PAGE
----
Surely no one can deny now that Twitter’s success owes much to its open strategy, which since its inception has fostered through its API so simple and versatile. And delivered a huge community of users and developers gave vent to their imagination and creating all applications mashaps multiplying their potential.
This definitely made Twitter today what it is, but perhaps it would be more than just a forum .. (posts limited to only 140 characters).
Well, that much we agree, in fact, his philosophy of open ecosystem, has been an example to many Internet projects were born after, because generating community around your product can be as or more valuable than making money from the first minute with him, for once you have the mass of users and monetize seems easier.
But .. What happens when third-party applications become a threat to its creator? Or when instead of that they depend on you, you begin to reverse the balance, and you can not live without one of they.
Then, that philosophy seems so open, that may not be as appropriate or at least having to defend this to protect your business is receiving much criticism, perhaps justified, but more in moral side, that in the business terms, because if you create a business based on a other company, you know beforehand can be in this situation, or maybe worse, if successful, may disturb to them or be bought by the owner of the ecosystem with the aggravation that who buys is your only potential buyer.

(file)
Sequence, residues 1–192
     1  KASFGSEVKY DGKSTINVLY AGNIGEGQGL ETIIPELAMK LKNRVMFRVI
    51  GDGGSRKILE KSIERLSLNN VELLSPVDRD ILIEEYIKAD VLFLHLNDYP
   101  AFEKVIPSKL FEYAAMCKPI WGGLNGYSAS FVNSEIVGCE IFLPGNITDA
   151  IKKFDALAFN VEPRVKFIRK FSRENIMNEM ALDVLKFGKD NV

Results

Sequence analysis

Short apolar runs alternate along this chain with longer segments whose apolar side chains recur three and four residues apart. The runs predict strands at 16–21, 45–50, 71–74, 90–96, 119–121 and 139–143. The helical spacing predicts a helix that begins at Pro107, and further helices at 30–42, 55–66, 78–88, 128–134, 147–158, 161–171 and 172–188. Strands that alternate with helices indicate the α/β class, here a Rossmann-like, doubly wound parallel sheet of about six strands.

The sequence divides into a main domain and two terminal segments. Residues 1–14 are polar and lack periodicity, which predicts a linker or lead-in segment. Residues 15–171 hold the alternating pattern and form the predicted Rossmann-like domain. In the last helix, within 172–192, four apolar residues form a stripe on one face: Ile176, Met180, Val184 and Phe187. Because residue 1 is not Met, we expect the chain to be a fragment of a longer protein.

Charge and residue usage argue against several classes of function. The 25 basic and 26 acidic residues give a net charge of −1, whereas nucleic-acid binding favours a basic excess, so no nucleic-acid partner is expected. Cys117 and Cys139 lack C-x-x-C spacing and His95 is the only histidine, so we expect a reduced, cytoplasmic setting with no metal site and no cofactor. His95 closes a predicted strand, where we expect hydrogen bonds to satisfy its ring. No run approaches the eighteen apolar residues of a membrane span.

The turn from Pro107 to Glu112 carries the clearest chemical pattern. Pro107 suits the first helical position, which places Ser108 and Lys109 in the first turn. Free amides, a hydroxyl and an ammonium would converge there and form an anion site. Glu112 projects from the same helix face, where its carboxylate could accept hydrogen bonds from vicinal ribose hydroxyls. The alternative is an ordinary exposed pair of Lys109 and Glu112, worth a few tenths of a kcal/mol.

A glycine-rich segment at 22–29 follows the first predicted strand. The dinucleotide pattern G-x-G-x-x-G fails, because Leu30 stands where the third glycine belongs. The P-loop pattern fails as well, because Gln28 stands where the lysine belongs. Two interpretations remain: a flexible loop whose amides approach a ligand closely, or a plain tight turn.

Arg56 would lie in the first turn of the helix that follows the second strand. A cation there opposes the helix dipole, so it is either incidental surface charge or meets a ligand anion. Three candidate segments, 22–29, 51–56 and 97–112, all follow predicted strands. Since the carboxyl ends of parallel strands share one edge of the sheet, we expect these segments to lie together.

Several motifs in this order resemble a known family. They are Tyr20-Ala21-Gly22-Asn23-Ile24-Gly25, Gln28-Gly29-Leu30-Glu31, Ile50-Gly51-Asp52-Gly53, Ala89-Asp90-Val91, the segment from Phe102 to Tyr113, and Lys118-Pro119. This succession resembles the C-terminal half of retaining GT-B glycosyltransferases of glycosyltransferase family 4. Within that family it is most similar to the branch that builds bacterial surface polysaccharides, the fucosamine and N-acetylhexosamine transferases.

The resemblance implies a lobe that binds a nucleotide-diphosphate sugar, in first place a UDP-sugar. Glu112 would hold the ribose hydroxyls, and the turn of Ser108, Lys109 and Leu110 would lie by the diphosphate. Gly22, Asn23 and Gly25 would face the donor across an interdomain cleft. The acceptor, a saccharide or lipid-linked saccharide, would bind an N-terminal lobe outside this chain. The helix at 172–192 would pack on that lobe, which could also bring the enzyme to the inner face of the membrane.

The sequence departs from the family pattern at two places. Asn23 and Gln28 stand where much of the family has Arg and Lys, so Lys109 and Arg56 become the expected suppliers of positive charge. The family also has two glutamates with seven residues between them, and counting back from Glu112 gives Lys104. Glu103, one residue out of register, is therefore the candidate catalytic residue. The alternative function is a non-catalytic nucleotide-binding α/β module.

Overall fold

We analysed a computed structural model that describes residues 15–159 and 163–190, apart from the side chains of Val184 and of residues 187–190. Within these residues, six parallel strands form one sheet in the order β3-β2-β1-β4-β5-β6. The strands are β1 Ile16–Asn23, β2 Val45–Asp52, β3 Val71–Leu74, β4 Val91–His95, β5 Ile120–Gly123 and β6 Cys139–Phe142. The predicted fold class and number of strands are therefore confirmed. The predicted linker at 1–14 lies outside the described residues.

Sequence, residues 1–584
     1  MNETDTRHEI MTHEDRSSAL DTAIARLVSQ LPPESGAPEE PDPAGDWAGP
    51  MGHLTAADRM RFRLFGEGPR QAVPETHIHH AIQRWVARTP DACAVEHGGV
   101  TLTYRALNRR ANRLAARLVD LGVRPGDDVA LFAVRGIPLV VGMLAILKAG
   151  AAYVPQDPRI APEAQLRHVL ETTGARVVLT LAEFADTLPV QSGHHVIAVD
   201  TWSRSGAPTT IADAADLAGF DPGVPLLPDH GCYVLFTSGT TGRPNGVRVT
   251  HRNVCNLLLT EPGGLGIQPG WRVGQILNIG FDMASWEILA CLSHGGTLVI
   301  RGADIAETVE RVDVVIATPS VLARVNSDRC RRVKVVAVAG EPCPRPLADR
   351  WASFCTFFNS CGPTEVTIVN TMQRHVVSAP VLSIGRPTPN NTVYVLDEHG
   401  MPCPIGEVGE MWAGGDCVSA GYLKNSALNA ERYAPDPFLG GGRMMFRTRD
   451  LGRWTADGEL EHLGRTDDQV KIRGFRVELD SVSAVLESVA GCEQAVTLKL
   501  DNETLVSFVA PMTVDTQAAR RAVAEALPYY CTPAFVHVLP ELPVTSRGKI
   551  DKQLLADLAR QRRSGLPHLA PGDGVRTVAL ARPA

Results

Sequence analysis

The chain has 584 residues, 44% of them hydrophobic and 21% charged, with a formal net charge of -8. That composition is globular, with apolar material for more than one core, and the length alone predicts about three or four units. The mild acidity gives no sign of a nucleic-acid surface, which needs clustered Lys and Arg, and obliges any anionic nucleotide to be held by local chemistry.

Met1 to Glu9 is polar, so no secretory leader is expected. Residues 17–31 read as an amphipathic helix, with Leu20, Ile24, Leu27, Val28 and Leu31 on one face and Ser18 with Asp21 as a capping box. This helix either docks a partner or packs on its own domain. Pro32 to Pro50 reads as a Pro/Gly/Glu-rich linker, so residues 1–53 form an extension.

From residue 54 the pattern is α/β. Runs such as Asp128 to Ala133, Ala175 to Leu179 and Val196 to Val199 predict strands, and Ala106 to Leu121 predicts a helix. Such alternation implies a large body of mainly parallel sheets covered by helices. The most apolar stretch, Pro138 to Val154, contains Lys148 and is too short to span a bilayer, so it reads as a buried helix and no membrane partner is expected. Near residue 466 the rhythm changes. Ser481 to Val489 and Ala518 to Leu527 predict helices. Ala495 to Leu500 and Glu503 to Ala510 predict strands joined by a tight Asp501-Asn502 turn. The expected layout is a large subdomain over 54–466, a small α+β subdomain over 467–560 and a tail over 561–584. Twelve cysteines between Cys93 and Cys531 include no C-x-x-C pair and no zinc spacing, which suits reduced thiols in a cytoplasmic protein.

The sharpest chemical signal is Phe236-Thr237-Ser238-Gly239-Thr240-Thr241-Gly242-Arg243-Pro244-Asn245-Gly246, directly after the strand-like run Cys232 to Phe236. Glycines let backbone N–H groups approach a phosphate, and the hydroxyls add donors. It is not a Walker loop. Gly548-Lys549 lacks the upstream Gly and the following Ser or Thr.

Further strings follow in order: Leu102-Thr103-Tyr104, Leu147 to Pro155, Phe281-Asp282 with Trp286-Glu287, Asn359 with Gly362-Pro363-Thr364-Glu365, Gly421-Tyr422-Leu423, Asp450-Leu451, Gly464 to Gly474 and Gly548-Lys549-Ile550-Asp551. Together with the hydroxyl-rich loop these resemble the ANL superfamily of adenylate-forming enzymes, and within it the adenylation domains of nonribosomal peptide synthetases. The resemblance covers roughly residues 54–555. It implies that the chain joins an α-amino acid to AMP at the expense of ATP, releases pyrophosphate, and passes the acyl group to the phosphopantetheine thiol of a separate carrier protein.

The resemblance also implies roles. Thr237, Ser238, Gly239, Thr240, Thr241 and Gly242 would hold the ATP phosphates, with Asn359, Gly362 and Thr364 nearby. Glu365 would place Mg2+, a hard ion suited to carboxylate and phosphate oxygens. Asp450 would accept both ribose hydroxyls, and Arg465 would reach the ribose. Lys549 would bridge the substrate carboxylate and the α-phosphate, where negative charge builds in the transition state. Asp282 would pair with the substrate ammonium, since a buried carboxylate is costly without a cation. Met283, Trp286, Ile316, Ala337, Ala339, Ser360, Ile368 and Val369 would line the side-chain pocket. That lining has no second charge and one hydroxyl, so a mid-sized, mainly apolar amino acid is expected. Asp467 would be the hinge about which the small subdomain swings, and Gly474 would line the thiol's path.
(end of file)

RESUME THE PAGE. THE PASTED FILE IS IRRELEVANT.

Recently, we have seen another example of this on Twitter, first came the search with the purchase of Summize which was then integrated. And mobile client based on the purchase of TweetDeck. Then his own shortener l.co, and now it is the turn to images, removing support to yFrog, Twitpic, Mobypicture, TwitGoo, img.ly and Posterous to upload images to your own servers.
And so, not surprisingly, who has always played in his spare, day comes you want to compete with his superior in the same conditions, hence Twitpic creators, have now launched: heello, a clone of Twitter. An adventure difficult to succeed, if not significantly distinguished from the original one, but we will see progress.
What is clear is that an open strategy always benefits the leader owner of ecosystem who if he do it in an intelligent way. And who participate at first glance seem very beneficial, in the long run should have a plan b or not succeed.